Calm Walk With Jane Handel
Jane Handel Interview
By Allen Whitman

Jane Handel sits composed on a low sofa, knees pressed together and long dark hair tied back in a quiet ponytail. In a long coat and nondescript black clothing she would blend in with people on the bus or at a cafe in downtown San Francisco, where she makes her home. But any eye for detail will see tears etched into her face. Black, permanent, the tattoos weep even when she smiles. Her voice is soft and her speech is clear. Here is a woman who thinks clearly and, by her own definition, knows her "aesthetic."

Jane Handel is performing tonight at the behest of her friend Lydia Lunch. She does not perform usually; she might even consider it a necessary evil, a way to get outside of her head and the very private world she lives in. Though an author of at least three books Swimming On Dry Land: The Memories Of An Ascetic Libertine, Fragment, Silver Dagger (all self-published by her company: "Spiderwoman Press"), numerous articles in trade papers and stories published in various anthologies, she allows time for her other selves: she paints, is a photographer and sculpts. Her sculpture is not like "Michaelangelo chipping away at marble," she says, " more like three dimensional pieces made of different objects.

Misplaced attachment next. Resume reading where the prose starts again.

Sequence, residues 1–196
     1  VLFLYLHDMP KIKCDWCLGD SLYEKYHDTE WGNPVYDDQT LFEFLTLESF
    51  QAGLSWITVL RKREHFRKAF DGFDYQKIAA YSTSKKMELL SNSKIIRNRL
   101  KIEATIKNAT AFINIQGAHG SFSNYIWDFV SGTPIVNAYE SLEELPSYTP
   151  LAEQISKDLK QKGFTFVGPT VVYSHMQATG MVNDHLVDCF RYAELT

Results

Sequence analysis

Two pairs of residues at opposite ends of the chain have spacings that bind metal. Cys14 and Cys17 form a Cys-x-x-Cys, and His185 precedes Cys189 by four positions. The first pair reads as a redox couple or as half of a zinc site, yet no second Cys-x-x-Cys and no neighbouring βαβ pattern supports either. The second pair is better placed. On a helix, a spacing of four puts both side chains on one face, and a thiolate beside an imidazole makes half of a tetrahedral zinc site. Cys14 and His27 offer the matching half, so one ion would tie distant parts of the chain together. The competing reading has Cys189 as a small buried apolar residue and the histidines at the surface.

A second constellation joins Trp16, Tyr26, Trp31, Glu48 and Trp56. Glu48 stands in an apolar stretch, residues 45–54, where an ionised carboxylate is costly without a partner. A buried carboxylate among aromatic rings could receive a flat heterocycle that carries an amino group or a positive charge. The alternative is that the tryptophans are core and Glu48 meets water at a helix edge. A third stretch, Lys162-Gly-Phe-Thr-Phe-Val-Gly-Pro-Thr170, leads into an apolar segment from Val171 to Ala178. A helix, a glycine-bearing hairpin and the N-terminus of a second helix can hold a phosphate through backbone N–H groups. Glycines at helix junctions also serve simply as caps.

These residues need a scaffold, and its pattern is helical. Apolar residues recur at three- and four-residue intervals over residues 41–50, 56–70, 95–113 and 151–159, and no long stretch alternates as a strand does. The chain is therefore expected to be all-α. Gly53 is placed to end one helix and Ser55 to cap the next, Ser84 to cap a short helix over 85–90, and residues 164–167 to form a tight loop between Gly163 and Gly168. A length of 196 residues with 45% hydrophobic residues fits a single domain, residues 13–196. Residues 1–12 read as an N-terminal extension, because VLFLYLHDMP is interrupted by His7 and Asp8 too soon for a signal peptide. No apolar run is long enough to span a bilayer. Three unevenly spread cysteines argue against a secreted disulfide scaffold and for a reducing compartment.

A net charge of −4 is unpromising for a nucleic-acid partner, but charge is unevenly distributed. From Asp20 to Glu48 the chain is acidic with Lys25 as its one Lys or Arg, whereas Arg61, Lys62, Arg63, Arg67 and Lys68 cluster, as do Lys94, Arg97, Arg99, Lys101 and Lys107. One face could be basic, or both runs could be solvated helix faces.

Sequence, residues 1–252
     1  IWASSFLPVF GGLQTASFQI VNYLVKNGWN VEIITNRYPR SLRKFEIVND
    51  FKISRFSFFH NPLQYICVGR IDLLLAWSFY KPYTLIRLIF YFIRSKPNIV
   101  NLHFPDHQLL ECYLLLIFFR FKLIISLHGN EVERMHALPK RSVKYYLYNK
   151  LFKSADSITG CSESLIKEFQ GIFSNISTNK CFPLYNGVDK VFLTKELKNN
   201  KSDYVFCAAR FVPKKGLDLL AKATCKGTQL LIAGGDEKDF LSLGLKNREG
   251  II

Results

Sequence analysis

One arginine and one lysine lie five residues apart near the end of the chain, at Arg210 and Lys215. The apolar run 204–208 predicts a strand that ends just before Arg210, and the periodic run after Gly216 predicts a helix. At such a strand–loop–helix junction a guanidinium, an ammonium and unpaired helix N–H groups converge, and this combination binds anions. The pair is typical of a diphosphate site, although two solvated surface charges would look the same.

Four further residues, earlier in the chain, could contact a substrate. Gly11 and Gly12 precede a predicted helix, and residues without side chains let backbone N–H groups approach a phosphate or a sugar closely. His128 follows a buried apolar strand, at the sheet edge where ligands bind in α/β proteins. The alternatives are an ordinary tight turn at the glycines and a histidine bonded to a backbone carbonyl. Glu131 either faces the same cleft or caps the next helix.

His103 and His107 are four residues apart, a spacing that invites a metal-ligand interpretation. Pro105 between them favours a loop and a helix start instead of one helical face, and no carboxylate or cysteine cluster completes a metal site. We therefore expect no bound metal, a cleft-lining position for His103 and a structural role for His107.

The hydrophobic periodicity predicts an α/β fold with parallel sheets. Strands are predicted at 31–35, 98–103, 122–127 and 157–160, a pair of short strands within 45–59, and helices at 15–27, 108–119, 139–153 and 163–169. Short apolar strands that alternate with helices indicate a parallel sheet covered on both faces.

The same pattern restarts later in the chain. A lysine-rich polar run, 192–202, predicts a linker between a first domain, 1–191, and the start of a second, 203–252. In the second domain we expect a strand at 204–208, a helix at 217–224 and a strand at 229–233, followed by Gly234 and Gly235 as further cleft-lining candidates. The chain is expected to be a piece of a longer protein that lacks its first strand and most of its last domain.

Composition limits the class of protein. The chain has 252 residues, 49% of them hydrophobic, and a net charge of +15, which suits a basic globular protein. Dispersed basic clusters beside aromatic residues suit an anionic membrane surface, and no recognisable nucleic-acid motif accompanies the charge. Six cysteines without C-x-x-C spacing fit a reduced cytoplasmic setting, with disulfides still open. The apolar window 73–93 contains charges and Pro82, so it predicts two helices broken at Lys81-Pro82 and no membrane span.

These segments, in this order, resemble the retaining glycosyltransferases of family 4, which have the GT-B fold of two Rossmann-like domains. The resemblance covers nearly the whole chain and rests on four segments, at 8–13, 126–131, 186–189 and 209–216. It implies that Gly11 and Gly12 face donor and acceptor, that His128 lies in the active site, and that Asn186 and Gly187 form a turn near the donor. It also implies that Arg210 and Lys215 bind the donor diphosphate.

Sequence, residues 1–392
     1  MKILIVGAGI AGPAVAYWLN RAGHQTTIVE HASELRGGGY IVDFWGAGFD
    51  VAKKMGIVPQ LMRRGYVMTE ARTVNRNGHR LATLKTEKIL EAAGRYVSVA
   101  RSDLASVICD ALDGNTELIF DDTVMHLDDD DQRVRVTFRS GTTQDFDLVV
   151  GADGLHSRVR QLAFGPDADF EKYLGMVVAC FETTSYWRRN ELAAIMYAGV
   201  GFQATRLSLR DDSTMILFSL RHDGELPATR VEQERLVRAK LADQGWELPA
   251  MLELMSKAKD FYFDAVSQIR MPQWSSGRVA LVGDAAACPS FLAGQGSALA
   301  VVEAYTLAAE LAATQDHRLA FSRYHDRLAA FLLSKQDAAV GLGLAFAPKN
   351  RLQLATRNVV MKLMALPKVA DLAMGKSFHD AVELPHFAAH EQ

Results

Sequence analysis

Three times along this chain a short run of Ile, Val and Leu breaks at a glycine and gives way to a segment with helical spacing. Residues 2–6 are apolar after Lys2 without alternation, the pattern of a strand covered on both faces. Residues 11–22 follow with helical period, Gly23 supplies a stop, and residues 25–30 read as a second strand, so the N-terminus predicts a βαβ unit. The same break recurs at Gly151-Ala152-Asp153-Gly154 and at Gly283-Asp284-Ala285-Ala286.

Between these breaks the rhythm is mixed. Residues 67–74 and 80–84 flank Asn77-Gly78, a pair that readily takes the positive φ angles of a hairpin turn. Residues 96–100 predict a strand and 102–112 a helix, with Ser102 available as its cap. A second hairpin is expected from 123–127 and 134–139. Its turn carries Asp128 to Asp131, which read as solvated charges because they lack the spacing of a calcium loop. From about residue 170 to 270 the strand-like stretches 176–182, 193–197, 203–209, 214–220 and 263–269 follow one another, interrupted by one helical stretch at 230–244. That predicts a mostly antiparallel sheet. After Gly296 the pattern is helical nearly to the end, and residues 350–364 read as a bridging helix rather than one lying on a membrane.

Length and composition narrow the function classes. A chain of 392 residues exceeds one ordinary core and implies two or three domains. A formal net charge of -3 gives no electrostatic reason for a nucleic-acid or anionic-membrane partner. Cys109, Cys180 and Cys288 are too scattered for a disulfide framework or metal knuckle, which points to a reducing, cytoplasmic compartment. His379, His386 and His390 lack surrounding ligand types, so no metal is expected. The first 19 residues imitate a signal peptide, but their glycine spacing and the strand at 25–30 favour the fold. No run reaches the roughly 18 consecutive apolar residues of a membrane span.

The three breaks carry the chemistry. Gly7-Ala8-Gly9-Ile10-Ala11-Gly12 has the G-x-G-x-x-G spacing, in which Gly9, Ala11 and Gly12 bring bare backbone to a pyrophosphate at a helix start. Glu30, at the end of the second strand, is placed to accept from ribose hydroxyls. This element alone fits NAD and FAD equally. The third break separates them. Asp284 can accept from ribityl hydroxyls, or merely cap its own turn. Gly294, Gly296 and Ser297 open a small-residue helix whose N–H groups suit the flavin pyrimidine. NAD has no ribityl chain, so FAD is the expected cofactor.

When asked to describe her favorite thing to do Jane Handel takes this writer on a verbal walk over the beaches of Kauai, in Hawaii. She describes the sun and the sea and the picture of the tropical landscape unfolds. The soft breeze lifts your hair and the sand turns under your bare feet. Then we are back in the downstairs dressing room at Slim's, in San Francisco, a rather self-absorbed rock-under-glass club in the notorious "soma" area, near the water. Ridiculous signs hang on the walls. "NO STAGE DIVING", "NO HEAD SURFING" What is head surfing? Tonight Jane Handel will read from a story published in an anthology called "First Person Sexual" (published by Down There Press). Audience members will stare, rapt, and hang on every word; it is unlikely that any one will headsurf to Jane Handel.

Jane Handel prefers a private connection with her muse to the public connection with an audience. That subtle voice springing out of every artist's heart, gentle and insistent, is a rare gift and you'll have to listen very close.

Return to Readings From The Erotic Salon